OpenAI helps spot AI text before it gets used for cheating

OpenAI’s AI Text Classifier aims to spot content generated by AI platforms before it can be used by bad actors, but the company admits it's not perfect

Researchers at OpenAI have developed a classifier to spot content generated by artificial intelligence that could be put to use in disinformation or cybercrime activities.

OpenAI researchers say the classifier  has undergone evaluations on a set of English texts and has achieved a 26% accuracy rate in correctly identifying AI-generated text as "likely AI-written." It has also shown a 9% false positive rate, labelling human-written text as AI-generated. The classifier's reliability improves as the length of the input text increases, and it has demonstrated improvement over the previous classifier in its accuracy on more recent AI systems.

“We recognise that identifying AI-written text has been an important point of discussion among educators, and equally important is recognising the limits and impacts of AI-generated text classifiers in the classroom,” explain OpenAI’s Jan Hendrik Kirchner, Lama Ahmad, Scott Aaronson, and Jan Leike in a blog post.  “We have developed a preliminary resource on the use of ChatGPT for educators, which outlines some of the uses and associated limitations and considerations. While this resource is focused on educators, we expect our classifier and associated classifier tools to have an impact on journalists, mis/dis-information researchers, and other groups.”

OpenAI has made this classifier publicly available to gather feedback and determine its usefulness but emphasises it should not be used as the sole method of determining the origin of the text, but rather as an addition to other means of identification.

New classifier struggles with shorter texts

The classifier has low reliability on texts below 1,000 characters, and even longer texts may be wrongly matched. There have been instances where human-written text was incorrectly and confidently identified as AI-written. It is advised to only use the classifier for English text as it has performed poorly in other languages and on code.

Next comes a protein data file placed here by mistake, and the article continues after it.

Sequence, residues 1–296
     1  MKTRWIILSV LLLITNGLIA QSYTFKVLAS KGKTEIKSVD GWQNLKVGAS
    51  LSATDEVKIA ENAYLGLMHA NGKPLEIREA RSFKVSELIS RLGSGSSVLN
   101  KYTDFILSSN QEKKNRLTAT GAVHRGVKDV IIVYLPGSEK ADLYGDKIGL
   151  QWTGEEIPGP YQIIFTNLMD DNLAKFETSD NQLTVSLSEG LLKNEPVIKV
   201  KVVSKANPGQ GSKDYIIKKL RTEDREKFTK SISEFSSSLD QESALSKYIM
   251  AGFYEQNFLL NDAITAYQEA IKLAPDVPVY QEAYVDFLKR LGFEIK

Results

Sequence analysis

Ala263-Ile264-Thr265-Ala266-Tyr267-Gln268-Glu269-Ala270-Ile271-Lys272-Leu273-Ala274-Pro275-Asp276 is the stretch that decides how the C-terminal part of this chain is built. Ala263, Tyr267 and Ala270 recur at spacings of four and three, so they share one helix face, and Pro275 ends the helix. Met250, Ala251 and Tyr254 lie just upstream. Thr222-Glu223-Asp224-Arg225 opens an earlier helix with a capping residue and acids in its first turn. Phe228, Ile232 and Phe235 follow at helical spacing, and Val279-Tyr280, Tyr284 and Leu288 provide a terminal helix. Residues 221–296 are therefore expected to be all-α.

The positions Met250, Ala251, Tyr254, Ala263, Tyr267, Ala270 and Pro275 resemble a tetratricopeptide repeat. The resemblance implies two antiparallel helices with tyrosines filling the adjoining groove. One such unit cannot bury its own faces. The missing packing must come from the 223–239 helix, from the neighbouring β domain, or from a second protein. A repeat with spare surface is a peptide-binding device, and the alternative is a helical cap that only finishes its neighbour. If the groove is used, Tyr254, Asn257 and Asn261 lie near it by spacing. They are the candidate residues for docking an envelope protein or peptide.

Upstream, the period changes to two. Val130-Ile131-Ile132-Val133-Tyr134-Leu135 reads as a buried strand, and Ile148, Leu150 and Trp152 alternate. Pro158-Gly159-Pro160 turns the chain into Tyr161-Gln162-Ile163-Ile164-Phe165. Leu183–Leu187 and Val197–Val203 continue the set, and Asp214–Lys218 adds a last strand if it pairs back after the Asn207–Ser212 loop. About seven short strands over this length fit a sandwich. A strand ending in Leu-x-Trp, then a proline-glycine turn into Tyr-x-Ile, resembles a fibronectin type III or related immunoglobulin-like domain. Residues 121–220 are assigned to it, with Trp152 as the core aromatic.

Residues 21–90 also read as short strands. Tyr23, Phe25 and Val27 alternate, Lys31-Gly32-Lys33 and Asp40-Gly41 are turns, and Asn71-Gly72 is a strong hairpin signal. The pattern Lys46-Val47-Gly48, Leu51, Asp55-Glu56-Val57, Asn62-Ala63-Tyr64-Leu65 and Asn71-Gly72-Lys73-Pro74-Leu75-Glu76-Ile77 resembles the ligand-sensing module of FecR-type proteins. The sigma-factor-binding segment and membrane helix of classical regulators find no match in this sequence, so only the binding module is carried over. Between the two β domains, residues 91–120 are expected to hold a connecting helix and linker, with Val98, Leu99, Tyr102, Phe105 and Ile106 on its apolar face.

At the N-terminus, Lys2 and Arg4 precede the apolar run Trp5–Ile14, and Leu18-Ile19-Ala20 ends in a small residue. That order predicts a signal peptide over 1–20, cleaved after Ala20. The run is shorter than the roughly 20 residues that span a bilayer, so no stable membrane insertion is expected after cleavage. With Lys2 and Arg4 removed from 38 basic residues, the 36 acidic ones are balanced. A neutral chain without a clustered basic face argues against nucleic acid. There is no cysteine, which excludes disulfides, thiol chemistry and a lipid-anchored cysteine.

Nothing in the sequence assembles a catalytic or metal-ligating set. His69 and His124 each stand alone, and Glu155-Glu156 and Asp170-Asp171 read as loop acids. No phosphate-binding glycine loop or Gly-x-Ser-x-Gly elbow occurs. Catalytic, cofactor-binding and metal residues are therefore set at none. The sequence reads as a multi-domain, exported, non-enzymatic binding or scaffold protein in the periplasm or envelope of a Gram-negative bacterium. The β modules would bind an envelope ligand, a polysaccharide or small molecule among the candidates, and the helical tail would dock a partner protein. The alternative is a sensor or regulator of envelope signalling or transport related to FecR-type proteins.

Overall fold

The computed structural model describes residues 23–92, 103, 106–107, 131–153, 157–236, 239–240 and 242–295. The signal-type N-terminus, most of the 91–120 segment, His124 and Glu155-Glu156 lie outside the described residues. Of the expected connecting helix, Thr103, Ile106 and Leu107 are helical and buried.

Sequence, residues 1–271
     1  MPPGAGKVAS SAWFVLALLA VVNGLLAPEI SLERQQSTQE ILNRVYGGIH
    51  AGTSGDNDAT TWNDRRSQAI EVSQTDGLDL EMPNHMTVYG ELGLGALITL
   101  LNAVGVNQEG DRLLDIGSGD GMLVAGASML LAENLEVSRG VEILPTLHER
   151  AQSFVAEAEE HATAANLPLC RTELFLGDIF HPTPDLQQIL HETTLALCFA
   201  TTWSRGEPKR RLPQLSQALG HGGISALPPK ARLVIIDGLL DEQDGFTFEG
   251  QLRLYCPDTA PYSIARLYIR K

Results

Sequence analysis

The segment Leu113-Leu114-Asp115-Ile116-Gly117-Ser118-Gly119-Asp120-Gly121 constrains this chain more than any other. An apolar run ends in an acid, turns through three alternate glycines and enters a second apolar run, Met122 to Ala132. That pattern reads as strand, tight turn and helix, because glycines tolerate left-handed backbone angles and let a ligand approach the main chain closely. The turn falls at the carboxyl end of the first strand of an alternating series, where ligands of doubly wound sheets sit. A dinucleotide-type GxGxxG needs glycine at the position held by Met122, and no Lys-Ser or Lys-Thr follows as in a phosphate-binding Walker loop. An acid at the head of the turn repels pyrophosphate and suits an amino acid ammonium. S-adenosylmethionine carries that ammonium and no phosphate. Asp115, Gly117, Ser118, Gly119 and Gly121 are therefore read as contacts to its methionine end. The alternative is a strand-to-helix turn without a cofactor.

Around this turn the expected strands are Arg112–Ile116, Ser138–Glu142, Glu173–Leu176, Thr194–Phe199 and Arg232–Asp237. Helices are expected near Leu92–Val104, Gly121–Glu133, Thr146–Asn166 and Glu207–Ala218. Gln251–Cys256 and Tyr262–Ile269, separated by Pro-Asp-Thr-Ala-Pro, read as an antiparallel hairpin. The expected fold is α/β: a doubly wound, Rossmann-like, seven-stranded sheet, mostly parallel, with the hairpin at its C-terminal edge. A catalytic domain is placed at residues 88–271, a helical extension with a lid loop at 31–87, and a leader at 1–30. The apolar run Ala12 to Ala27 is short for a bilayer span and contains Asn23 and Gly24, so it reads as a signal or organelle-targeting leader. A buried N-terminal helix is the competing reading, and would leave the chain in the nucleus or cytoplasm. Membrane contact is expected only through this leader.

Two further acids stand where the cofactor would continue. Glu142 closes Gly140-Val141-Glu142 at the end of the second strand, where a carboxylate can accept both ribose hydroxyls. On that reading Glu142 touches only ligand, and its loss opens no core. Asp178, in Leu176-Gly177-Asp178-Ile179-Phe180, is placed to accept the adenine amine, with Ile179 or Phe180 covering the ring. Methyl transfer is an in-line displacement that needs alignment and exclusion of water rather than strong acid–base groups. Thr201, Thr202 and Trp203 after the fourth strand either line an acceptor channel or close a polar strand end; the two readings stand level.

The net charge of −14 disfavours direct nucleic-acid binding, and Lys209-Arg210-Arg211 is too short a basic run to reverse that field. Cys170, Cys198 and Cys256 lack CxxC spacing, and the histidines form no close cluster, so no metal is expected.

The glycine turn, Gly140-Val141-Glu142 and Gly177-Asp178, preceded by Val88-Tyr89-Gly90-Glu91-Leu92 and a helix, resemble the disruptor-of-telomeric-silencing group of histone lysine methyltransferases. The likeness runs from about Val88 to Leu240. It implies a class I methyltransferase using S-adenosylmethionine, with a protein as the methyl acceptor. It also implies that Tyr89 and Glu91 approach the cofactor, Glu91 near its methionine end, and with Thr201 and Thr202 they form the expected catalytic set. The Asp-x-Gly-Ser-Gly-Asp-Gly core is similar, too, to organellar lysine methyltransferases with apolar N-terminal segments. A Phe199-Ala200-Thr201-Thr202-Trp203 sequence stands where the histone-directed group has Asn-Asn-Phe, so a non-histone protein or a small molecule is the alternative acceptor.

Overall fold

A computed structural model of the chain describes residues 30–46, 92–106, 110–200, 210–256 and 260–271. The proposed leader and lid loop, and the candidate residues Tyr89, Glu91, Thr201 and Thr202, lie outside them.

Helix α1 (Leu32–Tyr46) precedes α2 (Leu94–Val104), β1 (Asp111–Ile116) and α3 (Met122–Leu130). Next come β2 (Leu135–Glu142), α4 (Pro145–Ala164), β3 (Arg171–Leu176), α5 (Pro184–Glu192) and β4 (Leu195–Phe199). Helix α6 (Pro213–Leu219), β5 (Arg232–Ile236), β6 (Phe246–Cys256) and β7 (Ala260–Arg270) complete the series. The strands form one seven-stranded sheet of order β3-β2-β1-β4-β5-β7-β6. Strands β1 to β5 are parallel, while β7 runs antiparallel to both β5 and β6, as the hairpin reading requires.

It also cannot reliably identify highly predictable text, say researchers. For example, a list of the first 1,000 prime numbers would always have the same answer and cannot be differentiated between AI or human-written. 

OpenAI says the classifier is a language model that has been fine-tuned on a dataset consisting of pairs of human-written text and AI-written text that address the same topic. The dataset was gathered from various sources believed to be written by humans, including the pretraining data and human demonstrations on prompts submitted to InstructGPT, say researchers.

The text pairs were divided into prompts and responses, and responses were generated from multiple language models trained by OpenAI and other organisations. In the web app, the confidence threshold has been adjusted to keep the rate of false positives low. This means that text will only be marked as "likely AI-written" if the classifier is very confident in its prediction.


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